I wholehearedly agree that fixing leaks and infrastructure will solve a great deal of the problem of water scarcity. Over 70% of water that is wasted is done so through leaks, irrigation, and run off (which also greatly contributes to ground water pollution and pollution of lakes and rivers.) However, in developing countries many villages not only do not have infrastructure, they do not have the funds necessary to build it. That's what organizations such as Water Partners International are doing. And these are also areas that are vulnerable to privatization of water resources, as Coca Cola has proven in India. Bolivia's recent fight against corporatization is well known as well as just one example of corporate influence interfering with our human right to access to potable water.

Mr. Bitwas also left out much regarding the effects of climate change on areas of this world where rivers are literally drying up due to excessive heat, with reservoirs from Spain to the U.S. at less than half of capacity. Also the fact that populations are expected to double in the world in the next twenty years with a finite supply of freshwater resources which will put a strain on infrastructure whether the pipes leak or not.

Therefore, while it is all well and good and right to say we have what we need to solve this crisis, to simply dismiss what is going on regarding corporate influence commoditizing this resource that takes it away from people who need it, governmental interference that takes precedence over the rights of people who live on the land, and other mitigating factors such as overpopulation is simply looking at this with blinders on.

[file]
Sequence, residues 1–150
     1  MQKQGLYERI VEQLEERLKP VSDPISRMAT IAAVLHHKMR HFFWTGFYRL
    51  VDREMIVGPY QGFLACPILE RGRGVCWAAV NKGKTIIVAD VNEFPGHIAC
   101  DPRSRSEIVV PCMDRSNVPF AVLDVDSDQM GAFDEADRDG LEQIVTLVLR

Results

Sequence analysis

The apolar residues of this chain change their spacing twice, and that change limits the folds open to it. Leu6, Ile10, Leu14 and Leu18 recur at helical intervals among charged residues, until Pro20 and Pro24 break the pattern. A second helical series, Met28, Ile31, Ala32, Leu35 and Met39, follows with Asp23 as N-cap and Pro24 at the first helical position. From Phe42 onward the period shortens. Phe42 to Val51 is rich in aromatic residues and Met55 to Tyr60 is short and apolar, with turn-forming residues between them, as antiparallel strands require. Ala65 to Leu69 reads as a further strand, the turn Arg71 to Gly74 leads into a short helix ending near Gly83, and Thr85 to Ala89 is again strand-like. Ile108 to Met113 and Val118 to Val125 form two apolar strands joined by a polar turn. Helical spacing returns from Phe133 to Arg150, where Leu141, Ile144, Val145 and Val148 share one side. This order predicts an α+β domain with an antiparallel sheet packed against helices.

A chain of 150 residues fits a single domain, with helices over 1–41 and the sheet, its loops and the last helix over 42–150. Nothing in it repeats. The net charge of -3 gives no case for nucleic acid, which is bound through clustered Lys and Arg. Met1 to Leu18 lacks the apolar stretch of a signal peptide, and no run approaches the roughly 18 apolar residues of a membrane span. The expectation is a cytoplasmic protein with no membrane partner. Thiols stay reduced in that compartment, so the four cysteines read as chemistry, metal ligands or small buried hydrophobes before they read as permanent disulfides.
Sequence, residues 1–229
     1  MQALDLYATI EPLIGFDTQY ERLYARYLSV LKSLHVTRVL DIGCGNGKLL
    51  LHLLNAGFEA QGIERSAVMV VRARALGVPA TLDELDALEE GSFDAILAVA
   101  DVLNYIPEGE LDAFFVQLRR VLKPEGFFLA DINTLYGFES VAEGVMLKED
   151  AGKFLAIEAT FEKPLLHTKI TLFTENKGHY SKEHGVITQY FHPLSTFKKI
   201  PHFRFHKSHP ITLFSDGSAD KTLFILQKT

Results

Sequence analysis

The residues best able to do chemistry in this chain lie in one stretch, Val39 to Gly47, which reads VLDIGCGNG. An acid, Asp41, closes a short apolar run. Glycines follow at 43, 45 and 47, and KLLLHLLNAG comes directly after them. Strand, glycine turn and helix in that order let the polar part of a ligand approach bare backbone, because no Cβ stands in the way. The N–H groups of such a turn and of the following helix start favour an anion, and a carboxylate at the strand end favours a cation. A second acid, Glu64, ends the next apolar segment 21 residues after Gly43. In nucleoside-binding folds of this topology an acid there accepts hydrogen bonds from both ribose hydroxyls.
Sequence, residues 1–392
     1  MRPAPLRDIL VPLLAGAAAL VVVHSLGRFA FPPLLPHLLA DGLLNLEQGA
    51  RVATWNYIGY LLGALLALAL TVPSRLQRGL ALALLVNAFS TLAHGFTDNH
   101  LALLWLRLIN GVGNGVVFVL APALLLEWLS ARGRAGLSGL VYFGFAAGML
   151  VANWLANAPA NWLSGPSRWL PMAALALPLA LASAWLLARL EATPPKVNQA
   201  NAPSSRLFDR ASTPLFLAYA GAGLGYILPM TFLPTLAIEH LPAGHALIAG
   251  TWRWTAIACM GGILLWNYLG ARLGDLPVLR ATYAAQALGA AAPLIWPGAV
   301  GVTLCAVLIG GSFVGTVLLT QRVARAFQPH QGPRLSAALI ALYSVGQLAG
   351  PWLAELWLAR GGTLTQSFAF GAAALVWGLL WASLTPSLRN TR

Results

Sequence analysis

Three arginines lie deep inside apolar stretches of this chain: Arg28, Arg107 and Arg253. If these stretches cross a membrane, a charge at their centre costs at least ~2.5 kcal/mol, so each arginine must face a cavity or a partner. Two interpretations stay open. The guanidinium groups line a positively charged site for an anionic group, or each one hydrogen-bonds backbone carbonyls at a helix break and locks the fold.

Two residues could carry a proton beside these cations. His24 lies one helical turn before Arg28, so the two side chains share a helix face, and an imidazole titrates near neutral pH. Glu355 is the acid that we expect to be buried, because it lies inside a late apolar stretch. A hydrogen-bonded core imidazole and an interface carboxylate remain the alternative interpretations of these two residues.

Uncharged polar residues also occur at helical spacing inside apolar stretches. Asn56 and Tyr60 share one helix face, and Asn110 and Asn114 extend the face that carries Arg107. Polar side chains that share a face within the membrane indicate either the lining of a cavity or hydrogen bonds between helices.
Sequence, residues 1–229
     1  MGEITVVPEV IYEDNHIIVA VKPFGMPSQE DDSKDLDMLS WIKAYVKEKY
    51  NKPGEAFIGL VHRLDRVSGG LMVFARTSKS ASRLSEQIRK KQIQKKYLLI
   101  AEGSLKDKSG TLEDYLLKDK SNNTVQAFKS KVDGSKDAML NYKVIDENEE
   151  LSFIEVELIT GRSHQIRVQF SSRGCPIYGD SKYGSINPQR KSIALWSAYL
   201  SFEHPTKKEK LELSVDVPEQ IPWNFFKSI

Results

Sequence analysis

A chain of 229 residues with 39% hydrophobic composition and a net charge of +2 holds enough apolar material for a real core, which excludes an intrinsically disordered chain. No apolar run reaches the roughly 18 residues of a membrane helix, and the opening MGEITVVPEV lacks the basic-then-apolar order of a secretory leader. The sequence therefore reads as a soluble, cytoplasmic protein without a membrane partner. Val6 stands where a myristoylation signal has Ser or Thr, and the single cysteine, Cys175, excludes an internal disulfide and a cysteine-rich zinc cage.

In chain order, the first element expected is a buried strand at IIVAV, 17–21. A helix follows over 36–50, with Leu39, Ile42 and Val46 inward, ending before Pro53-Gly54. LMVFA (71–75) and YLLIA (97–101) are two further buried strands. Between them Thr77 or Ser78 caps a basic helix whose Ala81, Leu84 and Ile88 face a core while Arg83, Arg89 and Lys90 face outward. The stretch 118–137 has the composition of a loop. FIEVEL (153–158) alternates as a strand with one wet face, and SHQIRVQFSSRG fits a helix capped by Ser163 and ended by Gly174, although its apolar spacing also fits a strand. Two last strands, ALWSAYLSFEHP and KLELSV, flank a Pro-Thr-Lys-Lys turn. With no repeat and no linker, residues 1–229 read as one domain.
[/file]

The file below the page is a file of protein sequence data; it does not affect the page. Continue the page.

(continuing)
He also says wars over water are baloney... well, he needs to then read the news over the last two decades and also read Dr. Vandani Shiva's book, Water Wars. She knows of what she speaks and as recently as this month there was a war in Sri Lanka over diversion of water. There are many areas of this world as well where war could break out due to excessive damming that diverts water, floods, ruins the environment, and displaces people from their traditional homelands.

It isn't just as easy as a quick fix by putting putty on a leaking pipe. However, it is good to see this issue being given the attention it deserves. Let's just hope those at this conference don't also fall prey to the corporate influences that would like people to believe it is only a leaky pipe causing this crisis. A little more research is definitely in order as there are many facets to this problem, chief among them the lack of moral will to share this resource amicably and declare it a human right, and also gross government incompetence on this issue globally, including right here in the United States.

This issue is too important to simply be dismissed as just a leaky pipe. People and animals are dying because of it. And I don't know about Mr. Bitmas, but I think that having 90% of your rivers severely polluted as China does presents a water scarcity problem as well. Water scarcity doesn't only result from lack of potable water, it comes from polluting our resources beyond the capacity for them to be potable and sustainable for life.

There is much that needs to be done globally regarding this crisis, especially in areas such as Africa, Asia, and the Middle East which are experiencing water scarcity due to climate change, and also privatization of resources. Hopefully, this will be discussed as well rather than dismissing it as just a leaky pipe. Again, were it that simple in this world where greed, incompetence, amorality, and apathy seem to rule the hearts and minds of men.